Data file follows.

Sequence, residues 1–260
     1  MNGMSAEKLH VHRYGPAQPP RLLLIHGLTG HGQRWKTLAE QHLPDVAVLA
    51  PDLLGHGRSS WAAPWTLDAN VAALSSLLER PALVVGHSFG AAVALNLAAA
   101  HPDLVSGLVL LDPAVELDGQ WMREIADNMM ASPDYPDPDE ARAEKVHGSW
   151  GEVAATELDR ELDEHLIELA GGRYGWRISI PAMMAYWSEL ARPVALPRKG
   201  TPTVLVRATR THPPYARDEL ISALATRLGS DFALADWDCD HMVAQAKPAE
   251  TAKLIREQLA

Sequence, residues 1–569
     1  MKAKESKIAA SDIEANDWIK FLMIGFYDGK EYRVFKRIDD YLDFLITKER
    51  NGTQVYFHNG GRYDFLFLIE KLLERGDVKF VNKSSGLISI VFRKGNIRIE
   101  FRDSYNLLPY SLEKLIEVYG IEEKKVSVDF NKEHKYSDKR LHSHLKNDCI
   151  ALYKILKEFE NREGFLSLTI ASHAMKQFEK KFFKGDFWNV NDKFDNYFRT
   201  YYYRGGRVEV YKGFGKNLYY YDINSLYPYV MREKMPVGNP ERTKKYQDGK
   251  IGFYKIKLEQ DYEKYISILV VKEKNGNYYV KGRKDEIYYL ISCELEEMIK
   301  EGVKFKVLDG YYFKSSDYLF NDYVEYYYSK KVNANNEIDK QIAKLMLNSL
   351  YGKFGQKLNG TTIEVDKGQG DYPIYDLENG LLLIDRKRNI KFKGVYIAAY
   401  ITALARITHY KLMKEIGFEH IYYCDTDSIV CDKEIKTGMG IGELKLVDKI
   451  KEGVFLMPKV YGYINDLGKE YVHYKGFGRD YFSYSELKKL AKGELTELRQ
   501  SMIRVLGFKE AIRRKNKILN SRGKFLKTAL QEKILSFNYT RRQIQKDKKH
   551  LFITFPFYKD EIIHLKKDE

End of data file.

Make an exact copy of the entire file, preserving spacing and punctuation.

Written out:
Sequence, residues 1–260
     1  MNGMSAEKLH VHRYGPAQPP RLLLIHGLTG HGQRWKTLAE QHLPDVAVLA
    51  PDLLGHGRSS WAAPWTLDAN VAALSSLLER PALVVGHSFG AAVALNLAAA
   101  HPDLVSGLVL LDPAVELDGQ WMREIADNMM ASPDYPDPDE ARAEKVHGSW
   151  GEVAATELDR ELDEHLIELA GGRYGWRISI PAMMAYWSEL ARPVALPRKG
   201  TPTVLVRATR THPPYARDEL ISALATRLGS DFALADWDCD HMVAQAKPAE
   251  TAKLIREQLA

Sequence, residues 1–569
     1  MKAKESKIAA SDIEANDWIK FLMIGFYDGK EYRVFKRIDD YLDFLITKER
    51  NGTQVYFHNG GRYDFLFLIE KLLERGDVKF VNKSSGLISI VFRKGNIRIE
   101  FRDSYNLLPY SLEKLIEVYG IEEKKVSVDF NKEHKYSDKR LHSHLKNDCI
   151  ALYKILKEFE NREGFLSLTI ASHAMKQFEK KFFKGDFWNV NDKFDNYFRT
   201  YYYRGGRVEV YKGFGKNLYY YDINSLYPYV MREKMPVGNP ERTKKYQDGK
   251  IGFYKIKLEQ DYEKYISILV VKEKNGNYYV KGRKDEIYYL ISCELEEMIK
   301  EGVKFKVLDG YYFKSSDYLF NDYVEYYYSK KVNANNEIDK QIAKLMLNSL
   351  YGKFGQKLNG TTIEVDKGQG DYPIYDLENG LLLIDRKRNI KFKGVYIAAY
   401  ITALARITHY KLMKEIGFEH IYYCDTDSIV CDKEIKTGMG IGELKLVDKI
   451  KEGVFLMPKV YGYINDLGKE YVHYKGFGRD YFSYSELKKL AKGELTELRQ
   501  SMIRVLGFKE AIRRKNKILN SRGKFLKTAL QEKILSFNYT RRQIQKDKKH
   551  LFITFPFYKD EIIHLKKDE